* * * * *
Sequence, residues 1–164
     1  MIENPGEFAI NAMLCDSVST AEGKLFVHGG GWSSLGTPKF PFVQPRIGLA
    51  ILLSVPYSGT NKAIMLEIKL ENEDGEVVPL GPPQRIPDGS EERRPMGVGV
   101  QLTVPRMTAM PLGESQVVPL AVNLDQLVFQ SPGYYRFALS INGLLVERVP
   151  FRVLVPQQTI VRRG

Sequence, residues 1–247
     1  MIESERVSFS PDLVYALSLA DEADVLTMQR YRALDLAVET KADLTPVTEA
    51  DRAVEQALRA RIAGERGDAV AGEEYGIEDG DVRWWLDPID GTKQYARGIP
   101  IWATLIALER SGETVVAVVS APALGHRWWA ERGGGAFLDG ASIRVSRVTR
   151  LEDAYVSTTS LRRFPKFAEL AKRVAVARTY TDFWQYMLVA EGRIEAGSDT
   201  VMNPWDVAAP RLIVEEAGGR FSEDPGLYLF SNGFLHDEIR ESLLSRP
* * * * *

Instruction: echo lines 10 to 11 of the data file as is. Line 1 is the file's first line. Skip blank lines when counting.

   151  LEDAYVSTTS LRRFPKFAEL AKRVAVARTY TDFWQYMLVA EGRIEAGSDT
   201  VMNPWDVAAP RLIVEEAGGR FSEDPGLYLF SNGFLHDEIR ESLLSRP